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California and the West

Consul Admits His Removal Was Necessary

Fresno: Mexican president needed to send a message on mishandling of gifts, he says.


FRESNO — Enrique Romero Cuevas is a strong supporter of Mexican President Vicente Fox--even though Fox just cashiered him.

"He is a different kind of president than we have ever seen before," said the 53-year-old diplomat, who served for the last two years as consul in this Central Valley farm metropolis of 400,000 and 28 years in various posts under Mexico's former government.

The charismatic Fox, whose December inauguration ended 70 years of single-party rule, removed Romero Cuevas last week after the consulate mishandled gifts sent to the new president by poor people in the Central Valley.

The office of the secretary of external relations in Mexico City said a priority for the Fox government is ensuring the "best state of relations" with immigrant communities abroad. That surprised and pleased immigrants used to being ignored by their native capital.

"It got us excited," said Filemon Lopez, who helped organize a protest march outside the consulate after a bag of gifts and letters turned up in the trash. "We're very happy that there was a change. If he had stayed, we wouldn't have trusted him."

Even the soon-to-be-ex-consul agrees with the president's action.

"I feel sad, of course," said Romero Cuevas, a dignified, precise man with a glasses and a graying beard. In an interview in his spacious office, during which his voice often trembled with emotion, he said it is time for him to go.

"It is for the best interests of good relations between the Mexican government and the immigrant community living here," he said.

Romero Cuevas had served in such occasional hot spots as Cuba, Chile, Nicaragua and Guatemala. Yet it was in placid Fresno, a town constantly battling its reputation as a place where nothing happens, that Romero Cuevas stumbled into the "absolute worst" incident of his career.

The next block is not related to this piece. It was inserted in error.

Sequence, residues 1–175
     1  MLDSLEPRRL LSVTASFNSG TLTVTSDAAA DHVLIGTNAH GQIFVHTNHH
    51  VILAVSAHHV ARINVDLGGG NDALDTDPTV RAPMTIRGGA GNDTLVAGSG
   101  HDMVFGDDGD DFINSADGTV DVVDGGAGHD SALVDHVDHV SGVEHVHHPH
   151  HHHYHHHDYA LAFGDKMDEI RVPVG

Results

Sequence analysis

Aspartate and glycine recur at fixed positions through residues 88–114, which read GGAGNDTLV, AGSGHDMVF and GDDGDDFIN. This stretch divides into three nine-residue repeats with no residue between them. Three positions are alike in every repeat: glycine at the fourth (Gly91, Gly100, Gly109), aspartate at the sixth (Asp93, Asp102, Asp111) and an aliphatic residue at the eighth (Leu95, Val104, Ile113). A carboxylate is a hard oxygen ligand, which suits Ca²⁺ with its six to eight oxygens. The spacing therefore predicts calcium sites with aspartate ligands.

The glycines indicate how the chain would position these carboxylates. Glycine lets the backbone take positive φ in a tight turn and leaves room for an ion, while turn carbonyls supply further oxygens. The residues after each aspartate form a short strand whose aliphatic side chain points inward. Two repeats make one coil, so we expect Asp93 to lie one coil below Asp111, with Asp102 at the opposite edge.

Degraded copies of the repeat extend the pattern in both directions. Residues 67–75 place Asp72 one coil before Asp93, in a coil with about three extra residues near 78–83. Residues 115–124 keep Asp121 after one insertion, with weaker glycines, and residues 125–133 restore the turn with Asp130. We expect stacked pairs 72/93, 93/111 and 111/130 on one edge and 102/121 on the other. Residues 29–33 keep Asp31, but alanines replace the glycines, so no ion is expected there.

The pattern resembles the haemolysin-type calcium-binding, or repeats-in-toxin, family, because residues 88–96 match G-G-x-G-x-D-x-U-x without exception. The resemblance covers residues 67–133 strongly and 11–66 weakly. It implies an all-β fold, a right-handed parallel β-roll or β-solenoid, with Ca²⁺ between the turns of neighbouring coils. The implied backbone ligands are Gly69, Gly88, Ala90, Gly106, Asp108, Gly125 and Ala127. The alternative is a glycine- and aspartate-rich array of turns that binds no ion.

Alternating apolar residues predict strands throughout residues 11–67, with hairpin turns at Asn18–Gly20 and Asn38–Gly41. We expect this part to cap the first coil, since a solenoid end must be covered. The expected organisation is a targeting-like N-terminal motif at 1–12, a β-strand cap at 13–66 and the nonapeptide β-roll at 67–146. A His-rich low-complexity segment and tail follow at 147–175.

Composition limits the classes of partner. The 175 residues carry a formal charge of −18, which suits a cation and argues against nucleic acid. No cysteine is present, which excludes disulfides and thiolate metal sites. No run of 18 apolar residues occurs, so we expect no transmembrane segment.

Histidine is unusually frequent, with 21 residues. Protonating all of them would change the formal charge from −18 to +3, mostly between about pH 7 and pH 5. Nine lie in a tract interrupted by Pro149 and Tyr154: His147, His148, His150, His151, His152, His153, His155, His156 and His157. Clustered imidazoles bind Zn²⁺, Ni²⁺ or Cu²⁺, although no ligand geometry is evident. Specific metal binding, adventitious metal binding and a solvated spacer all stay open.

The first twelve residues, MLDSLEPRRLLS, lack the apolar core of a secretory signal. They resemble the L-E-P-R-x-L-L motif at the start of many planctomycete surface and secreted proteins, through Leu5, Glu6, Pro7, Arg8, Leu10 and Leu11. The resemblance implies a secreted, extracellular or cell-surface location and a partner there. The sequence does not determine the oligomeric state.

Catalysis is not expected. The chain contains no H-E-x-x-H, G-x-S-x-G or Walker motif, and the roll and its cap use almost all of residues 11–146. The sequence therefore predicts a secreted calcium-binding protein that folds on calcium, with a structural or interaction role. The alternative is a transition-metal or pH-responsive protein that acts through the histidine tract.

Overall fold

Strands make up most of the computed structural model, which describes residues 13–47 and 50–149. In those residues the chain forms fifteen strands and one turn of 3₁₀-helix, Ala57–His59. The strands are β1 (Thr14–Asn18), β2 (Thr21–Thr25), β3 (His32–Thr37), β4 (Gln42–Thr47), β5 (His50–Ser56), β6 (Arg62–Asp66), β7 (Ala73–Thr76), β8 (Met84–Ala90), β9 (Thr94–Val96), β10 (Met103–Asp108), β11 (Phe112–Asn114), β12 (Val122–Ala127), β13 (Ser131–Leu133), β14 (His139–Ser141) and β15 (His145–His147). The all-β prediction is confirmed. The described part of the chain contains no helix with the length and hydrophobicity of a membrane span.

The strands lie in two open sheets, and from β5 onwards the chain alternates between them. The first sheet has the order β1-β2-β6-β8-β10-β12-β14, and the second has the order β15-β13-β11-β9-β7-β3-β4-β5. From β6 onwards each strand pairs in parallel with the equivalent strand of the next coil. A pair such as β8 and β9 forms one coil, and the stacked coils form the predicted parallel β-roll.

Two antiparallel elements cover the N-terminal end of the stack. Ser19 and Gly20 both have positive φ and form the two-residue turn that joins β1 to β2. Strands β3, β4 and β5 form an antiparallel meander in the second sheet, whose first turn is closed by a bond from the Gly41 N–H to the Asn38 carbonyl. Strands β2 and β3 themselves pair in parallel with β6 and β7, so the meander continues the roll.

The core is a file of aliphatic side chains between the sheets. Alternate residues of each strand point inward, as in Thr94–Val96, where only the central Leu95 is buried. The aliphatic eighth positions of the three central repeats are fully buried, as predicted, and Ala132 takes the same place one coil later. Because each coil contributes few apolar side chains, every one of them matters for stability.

It started well. When Fox visited the United States several weeks ago, he made a point of stopping in Fresno, where generations of Mexicans have harvested billions of dollars in crops.

"The visit was wonderful," said Romero Cuevas. About 2,000 people attended, more than the consul expected.

Romero Cuevas said Fox thanked him and called the event a success. The consul was impressed and encouraged by the new Mexican leader. "We have for the first time in our lives" someone committed to changing things in Mexico City, he said.

Many of the people who attended brought gifts for the president, including letters, books and figurines. They were collected and placed in a bag to be sent to Mexico City by diplomatic pouch.

Lopez, a deejay for a bilingual radio station and an activist with the Benito Juarez Civic Assn., said the gifts were brought by poor people "at much sacrifice."

A cleaning crew threw out the bag by mistake, Romero Cuevas said. When it turned up missing, he reviewed security tapes and discovered what happened. But meanwhile, the bag had been found in the trash and turned over to local Spanish-language media.

"From that, everything else happened," Romero Cuevas said ruefully.

Lopez said the people who had come so far and at such cost were deeply insulted that their gifts were thrown away. Though the bag was retrieved and sent to Fox, Romero Cuevas said, the incident ignited outrage.

"It was like they were being taken as a joke," Lopez said of those who sent the gifts. And they weren't convinced that it was a mistake.

In the bag, Lopez said, was a petition in support of the Zapatista rebels who have waged guerrilla actions against the Mexican army in recent years and with whom Fox's administration is negotiating.

As word of the bag's brief disappearance spread, nine local organizations met and protested. The Fox administration's response showed that the president meant what he said when he promised the consulate would be more attuned to Mexicans in the Central Valley.

"He backed up his words," Lopez said.

Sarah Reyes, a Democratic assemblywoman from Fresno, trusts Romero Cuevas' assurances that the incident was an accident. "I truly believe it was a mistake," she said.

But she said she understands why Romero Cuevas is being removed. "The message the president is trying to send is that it doesn't matter where gifts come from, a head of state or a poor person. They all matter. Unfortunately, Enrique had to be the person to lose his job,"

Romero Cuevas had almost the same reaction.

"I understand the anger of many of my fellow countrymen," he said. "I am sure I have no guilt, but I have responsibility as head of the office. In order to send a message to our community, I have to be moved."

He said he doesn't know how soon that will happen, or where he will end up, or how much this incident will damage his career. He is married and has two sons, 16 and 21.

The transfer is "hard for my family," he said. But they have moved many times before.

"They are looking forward," he said.

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